• Broadcast news and information as thoroughly, objectively and honestly as possible
The KNOM approach is to become a friend to the listener on a personal, caring, positive level, within a consistent radio format.

Our staff includes five full-time and five part-time professional broadcasters, plus three full-time volunteers. 

Our only source of income is the kindness of good people like you.  Thank you! 

 

INSPIRATIONAL SPOT:  Teach me to listen, Lord, to those nearest me:  my family, my friends and my coworkers.  Lord, teach me to listen to those far from me, the forgotten, the anguished.  Teach me always to listen.

 
INSPIRATIONAL SPOT:  Stopping can be incredibly important.  Stopping, and becoming aware of the beauty of God’s handiwork in nature all around me.
     Stopping and figuring out where I came from and where I’m going.
     Stopping and counting the people who love me and how I treat them.
     Yes, stopping can make a big difference in my life.

 

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CAPITAL IDEAS:  (left) U.S. Senator Ted Stevens talks with Nome residents during a brief visit recently.

In an interview over KNOM, the senator discussed the many problems that will face rural Alaska in coming years.
 

THIRTY YEARS AGO:  October 1972 saw great excitement on Little Diomede (pronounced DYE-uh-meed) Island, when villagers spotted a Russian Eskimo umiak (pronounced OO-mee-ack, a wood-frame boat with walrus skin hull) at the International Date Line. 

Little Diomede is an Alaska village of about 150 souls, about 2.5 miles from its counterpart island on the Russian side.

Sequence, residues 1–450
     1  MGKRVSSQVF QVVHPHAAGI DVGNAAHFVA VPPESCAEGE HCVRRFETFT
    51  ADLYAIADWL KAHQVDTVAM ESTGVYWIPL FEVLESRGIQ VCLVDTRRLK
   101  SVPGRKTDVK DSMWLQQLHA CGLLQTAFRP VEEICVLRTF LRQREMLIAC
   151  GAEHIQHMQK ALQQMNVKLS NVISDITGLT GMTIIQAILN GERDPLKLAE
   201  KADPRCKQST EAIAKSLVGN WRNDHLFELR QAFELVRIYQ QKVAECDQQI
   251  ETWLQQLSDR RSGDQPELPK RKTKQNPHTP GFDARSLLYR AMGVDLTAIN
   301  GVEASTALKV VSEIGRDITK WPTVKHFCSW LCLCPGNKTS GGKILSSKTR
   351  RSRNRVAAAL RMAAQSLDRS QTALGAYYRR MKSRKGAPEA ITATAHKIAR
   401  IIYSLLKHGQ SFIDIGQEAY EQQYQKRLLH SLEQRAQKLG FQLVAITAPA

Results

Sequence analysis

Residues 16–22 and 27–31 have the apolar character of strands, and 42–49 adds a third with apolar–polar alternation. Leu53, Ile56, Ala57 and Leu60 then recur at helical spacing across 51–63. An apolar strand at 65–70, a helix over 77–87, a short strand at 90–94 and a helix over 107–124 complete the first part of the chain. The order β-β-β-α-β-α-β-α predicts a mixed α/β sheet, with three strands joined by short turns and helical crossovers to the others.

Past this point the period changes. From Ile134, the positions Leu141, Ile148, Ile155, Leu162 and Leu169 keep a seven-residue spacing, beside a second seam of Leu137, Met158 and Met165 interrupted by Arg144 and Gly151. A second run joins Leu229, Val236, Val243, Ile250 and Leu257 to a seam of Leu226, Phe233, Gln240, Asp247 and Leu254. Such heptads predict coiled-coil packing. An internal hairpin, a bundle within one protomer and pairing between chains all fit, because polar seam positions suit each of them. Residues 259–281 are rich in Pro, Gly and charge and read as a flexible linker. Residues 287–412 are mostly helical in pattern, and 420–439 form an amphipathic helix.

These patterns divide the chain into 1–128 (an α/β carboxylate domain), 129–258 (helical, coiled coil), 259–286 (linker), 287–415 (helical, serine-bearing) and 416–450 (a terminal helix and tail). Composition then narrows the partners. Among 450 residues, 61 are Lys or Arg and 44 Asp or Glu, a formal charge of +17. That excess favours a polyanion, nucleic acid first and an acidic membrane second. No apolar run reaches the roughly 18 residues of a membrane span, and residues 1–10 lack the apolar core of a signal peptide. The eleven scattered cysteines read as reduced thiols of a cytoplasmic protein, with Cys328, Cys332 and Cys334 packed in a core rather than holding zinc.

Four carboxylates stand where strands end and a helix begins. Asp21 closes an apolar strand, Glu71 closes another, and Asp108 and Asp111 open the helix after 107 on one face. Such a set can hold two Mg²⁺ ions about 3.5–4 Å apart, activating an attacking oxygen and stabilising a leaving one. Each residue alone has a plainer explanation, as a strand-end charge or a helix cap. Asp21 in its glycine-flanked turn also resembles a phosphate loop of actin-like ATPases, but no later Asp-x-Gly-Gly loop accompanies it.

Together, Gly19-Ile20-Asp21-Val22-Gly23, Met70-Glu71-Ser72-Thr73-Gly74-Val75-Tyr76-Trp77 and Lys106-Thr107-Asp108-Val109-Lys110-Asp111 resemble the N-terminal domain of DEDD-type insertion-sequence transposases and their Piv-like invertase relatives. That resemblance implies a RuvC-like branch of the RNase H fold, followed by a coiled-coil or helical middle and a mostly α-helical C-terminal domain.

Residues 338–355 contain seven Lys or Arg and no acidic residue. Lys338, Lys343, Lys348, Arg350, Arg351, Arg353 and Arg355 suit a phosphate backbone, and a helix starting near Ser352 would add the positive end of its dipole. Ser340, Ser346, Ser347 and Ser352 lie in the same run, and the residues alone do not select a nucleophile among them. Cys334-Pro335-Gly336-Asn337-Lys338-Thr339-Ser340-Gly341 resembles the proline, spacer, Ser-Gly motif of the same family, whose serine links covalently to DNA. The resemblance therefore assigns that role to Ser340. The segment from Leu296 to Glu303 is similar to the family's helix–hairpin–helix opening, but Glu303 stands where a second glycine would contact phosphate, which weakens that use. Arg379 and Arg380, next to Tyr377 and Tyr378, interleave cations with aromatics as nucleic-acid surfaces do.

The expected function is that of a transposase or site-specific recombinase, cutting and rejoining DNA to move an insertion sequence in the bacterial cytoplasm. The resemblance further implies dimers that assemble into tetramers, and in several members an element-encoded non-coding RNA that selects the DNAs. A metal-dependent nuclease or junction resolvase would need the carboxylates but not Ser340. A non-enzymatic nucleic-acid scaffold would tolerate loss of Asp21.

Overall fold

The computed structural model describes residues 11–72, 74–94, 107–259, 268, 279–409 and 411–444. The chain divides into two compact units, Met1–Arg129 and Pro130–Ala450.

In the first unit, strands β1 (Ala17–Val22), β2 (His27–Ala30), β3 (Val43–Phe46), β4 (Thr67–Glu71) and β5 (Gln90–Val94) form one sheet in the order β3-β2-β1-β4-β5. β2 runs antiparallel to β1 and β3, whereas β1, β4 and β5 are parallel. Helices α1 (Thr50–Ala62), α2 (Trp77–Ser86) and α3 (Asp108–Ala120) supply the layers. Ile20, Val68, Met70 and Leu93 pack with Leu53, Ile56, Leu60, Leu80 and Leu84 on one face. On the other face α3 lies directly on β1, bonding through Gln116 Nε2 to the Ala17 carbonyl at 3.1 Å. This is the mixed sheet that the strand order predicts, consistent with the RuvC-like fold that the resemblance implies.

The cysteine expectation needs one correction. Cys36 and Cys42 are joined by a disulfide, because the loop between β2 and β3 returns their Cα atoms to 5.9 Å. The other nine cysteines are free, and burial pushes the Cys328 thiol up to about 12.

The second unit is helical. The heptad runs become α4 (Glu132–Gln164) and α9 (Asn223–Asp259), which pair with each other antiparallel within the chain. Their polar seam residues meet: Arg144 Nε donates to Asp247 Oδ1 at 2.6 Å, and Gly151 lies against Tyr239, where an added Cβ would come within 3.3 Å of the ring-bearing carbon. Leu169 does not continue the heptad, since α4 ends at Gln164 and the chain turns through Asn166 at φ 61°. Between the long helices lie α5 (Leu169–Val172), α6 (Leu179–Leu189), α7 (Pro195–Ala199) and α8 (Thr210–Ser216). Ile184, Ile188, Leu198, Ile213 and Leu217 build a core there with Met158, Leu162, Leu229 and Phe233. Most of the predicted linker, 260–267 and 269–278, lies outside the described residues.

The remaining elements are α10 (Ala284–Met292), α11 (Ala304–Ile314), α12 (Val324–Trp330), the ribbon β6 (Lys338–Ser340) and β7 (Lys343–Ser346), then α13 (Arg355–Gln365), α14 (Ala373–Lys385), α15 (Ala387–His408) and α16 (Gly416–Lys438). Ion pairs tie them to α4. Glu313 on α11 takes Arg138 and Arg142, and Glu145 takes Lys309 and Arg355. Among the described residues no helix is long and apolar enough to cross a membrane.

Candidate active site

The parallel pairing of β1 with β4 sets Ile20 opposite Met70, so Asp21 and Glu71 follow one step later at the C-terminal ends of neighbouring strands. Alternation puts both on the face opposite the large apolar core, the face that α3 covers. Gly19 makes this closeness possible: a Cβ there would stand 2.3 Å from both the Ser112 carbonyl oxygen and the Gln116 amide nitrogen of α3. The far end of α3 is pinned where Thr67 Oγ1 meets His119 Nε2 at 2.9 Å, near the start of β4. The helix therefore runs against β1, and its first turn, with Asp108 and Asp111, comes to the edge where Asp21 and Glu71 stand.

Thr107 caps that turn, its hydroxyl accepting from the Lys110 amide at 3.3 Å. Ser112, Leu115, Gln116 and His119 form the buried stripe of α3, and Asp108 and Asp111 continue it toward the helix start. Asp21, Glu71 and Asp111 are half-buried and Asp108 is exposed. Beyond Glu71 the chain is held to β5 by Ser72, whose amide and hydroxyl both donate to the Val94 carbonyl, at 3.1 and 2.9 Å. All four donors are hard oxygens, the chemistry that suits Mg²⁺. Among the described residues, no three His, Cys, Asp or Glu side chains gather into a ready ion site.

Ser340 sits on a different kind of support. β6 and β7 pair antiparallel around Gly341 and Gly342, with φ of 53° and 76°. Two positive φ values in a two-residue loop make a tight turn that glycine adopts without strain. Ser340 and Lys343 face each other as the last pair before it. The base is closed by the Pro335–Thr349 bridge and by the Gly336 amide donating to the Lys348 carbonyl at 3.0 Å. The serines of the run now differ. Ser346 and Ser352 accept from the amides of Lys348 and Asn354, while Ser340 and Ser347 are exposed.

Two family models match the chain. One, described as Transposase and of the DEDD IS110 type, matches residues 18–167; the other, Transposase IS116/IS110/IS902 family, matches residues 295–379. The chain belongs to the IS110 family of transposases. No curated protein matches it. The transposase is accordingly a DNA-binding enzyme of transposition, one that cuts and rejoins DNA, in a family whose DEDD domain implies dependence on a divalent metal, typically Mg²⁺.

Villagers gathered chewing gum and candy and chased after the Russian Eskimos, caught up with them and spent fifty minutes trading and exchanging family information.

It was one of the few such encounters since the border with Russia closed in 1947.  (In 1988, KNOM covered the first formal exchange with live broadcasts from Provideniya, USSR.)

Also that month, former KNOM volunteer John Pfeifer, then working for station WAKE in Wichita, met country singer Charlie Pride, who recorded greetings for airing over KNOM.
 

SPOT CHECK:  As we approach the one million mark, so far during 2002, KNOM has broadcast approximately 28,300 inspirational spots, and an equal number of educational ones, thanks to you.

 

INSPIRATIONAL SPOT:  A little kindness to one person is better than a vast love for all of mankind.

 

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FORK IT OVER:  (left)  On a gray autumn afternoon, a giant forklift (at bottom right) unloads a container van from Northland Service’s oceangoing barge #230, pulled by the tug Polar Breeze.
 

Each year, a half-dozen such barges carry lumber, cars and trucks, canned goods and other freight from Seattle.
 

A REAL ICEBREAKER:  In other nautical news, thirty-eight scientists passed through Nome recently, at the end of a forty-day voyage on the Arctic Ocean to study global climate change.

They were on board the U.S. Coast Guard cutter Healy, working on a dozen research projects studying ocean salinity, minerals, light transmission and plant life. 

Researchers say that the ten-year program is the most ambitious study of global climate change ever undertaken. 

Anchored offshore Nome, the Healy was an impressive sight.  It’s the Coast Guard’s only 420-foot icebreaker.  Last year, it was the second surface ship in history to reach the North Pole. 
 

“SCALED” DOWN:  Salmon fishing was a disaster again this year.  The numbers of returning fish were so low in most rivers and streams that fishing was closed for most of the summer.  In a couple of spots, however, there were brief, slightly larger runs, and some families enjoyed drying and smoking salmon for winter use, for the first time in several years.
 

Again, thank you for your prayers and for your financial help.  You are the backbone of our mission to thousands of isolated families throughout 100,000 square miles of wilderness Alaska.  May God be with you!

 

 INSPIRATIONAL SPOT: In our final accounting to God, He’ll surely ask how well we did all of the things we had to do.
     He’ll also ask about all of the good things we could have done.